At least seven people were confirmed dead and 170 others were reported to be missing after a glacier break triggered flash floods in Uttarakhand’s Chamoli district, according to the official figures given by the State Disaster Management Center (SDMC) as of 10 pm on Sunday, 7 February.
The death toll is expected to rise as bodies are still being recovered, an NDRF official said.
However, the cause behind the disaster is still being ascertained, even as several experts and commentators have pointed towards the developmental projects, alleging that they are causing harm to the ecology of Uttarakhand.
A DRDO team of snow and avalanche experts from its newly-created Defence Geo-Informatics Research Establishment would be reaching the site on Monday to assess the situation, DRDO officials said.
Meanwhile, several experts have weighed in on how and why the tragedy struck Chamoli.
Dr Anjal Prakash, a Research Director and Adjunct Associate Professor at the Indian School of Business (ISB), Hyderabad, said that the climate change has altered the frequency and magnitude of the natural hazards.
An author who was Coordinating Lead Author of the special report on Oceans and Cryosphere, 2018, and Lead Author of the ongoing 6th Assessment report of IPCC, opined that prima facie, it looks like a climate change event as the glaciers are melting due to global warming.
Prakash further said that while there’s no data to give information on what has caused the avalanche in the Chamoli district yet, the glaciers are melting due to global warming and can very much be the reason behind Sunday’s disaster.
“The impact of global warming on glacial retreat is well documented. The recent assessment report called the HI-MAP report facilitated by ICIMOD has also pointed these out. The report shows that temperatures are rising in the Hindu-Kush Himalayan (HKH) region and the rise in global temperature will have more impact in the Himalayan region due to elevation-dependent warming,” he said.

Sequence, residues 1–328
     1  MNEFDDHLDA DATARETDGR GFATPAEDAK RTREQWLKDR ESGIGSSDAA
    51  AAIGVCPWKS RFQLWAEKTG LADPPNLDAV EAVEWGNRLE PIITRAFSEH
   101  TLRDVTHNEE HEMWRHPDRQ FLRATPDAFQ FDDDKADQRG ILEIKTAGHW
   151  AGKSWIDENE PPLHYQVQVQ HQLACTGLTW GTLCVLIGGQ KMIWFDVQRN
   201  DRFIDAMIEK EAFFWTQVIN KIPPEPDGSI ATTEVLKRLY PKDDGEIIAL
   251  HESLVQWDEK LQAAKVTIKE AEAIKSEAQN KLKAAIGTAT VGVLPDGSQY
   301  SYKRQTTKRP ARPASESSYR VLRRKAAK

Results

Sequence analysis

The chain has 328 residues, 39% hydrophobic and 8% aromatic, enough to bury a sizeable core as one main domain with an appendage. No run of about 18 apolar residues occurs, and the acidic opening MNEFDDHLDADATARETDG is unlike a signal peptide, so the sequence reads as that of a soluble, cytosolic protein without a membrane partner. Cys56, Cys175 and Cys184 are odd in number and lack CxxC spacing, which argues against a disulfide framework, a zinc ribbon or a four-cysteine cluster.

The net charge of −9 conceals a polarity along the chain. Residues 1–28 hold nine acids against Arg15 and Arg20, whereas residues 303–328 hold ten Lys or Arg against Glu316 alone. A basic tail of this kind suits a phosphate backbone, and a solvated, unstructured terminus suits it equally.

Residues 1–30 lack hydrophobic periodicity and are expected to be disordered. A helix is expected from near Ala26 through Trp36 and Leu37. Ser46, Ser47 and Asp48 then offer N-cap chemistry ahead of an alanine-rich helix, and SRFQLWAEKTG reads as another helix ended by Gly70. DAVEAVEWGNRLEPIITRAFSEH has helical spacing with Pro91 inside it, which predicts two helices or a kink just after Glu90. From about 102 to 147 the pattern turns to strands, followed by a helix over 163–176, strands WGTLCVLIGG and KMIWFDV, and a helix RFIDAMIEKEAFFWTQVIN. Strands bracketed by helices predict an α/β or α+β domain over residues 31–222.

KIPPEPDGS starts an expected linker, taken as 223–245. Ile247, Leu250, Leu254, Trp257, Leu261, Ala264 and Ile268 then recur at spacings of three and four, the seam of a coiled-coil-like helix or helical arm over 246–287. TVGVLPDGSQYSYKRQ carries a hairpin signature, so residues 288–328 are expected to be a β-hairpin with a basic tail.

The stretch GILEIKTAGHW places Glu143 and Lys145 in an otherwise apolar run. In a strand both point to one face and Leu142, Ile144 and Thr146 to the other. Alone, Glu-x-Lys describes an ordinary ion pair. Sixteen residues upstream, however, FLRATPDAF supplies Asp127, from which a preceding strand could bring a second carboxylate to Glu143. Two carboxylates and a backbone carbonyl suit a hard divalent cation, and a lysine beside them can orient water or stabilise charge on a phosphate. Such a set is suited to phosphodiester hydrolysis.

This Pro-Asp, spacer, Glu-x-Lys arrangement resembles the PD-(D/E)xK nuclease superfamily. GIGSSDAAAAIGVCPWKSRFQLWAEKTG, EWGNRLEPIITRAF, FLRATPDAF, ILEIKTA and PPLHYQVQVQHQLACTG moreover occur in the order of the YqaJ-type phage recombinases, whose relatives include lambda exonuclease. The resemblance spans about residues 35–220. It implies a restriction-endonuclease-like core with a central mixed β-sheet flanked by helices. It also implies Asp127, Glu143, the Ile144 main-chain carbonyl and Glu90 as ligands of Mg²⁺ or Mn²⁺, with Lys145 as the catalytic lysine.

“If the world can keep the temperature rise to below 1.5 degrees Celsius, in the HKH region it would translate to at least a rise of 1.8 degrees Celsius, and in some places, above 2.2 degrees Celsius,” he said.
He further asserted that the Himalayan area is also least monitored region and this event actually shows how vulnerable we could be.
Dr Farooq Azam, Assistant Professor, Glacialogy and Hydrology, IIT Indore said that while one needs to wait for data and research to ascertain the reason, a water pocket in the region may be a possible cause.
“It's a very rare incident for a glacial burst to happen. Satellite and Google Earth images do not show a glacial lake near the region, but there's a possibility that there may be a water pocket in the region. Water pockets are lakes inside the glaciers, which may have erupted leading to this event,” he said.
“It is unlikely that this was a cloud burst, since weather reports in Chamoli district show sunny weather till today with no record of precipitation. There is no doubt that global warming has resulted in the warming of the region. Climate change driven erratic weather patterns like increased snowfall and rainfall, warmer winters has led to the melting point of a lot of snow. The thermal profile of ice is increasing, where earlier the temperature of ice ranged from -6 to -20 degree Celcius, it is now -2 degree Celcius, making it more susceptible to melting,” he said.
Uttarakhand Chief Minister Trivendra Singh Rawat on Sunday said that only experts can tell the reason behind the glacier outburst and that the government is currently focused on saving the lives of people.
While Prime Minister Narendra Modi has approved an ex-gratia of Rs 2 lakh each from the Prime Minister’s National Relief Fund (PMNRF) for the kin of the deceased, the state government, too, has promised financial assistance of Rs 4 lakh each.